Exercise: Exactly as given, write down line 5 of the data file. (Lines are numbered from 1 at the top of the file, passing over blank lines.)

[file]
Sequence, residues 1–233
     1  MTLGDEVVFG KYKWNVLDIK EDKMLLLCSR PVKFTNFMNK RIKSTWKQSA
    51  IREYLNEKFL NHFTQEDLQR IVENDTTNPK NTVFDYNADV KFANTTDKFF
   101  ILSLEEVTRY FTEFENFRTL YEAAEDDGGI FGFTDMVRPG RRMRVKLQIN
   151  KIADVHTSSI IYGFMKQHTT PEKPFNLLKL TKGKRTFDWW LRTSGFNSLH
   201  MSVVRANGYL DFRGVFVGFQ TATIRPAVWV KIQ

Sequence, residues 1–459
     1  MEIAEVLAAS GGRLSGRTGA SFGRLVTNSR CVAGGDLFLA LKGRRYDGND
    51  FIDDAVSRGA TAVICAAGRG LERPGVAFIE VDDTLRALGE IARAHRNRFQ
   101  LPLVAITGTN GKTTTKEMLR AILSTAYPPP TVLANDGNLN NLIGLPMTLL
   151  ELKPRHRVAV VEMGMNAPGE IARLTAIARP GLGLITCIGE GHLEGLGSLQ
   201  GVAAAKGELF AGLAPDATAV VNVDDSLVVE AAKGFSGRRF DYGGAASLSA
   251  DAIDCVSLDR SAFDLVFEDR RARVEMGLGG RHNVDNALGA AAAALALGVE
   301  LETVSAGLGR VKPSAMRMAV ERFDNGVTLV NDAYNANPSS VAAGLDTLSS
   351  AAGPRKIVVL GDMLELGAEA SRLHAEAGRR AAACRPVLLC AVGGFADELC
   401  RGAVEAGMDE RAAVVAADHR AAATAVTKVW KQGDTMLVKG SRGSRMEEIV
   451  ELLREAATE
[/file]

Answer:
   151  KIADVHTSSI IYGFMKQHTT PEKPFNLLKL TKGKRTFDWW LRTSGFNSLH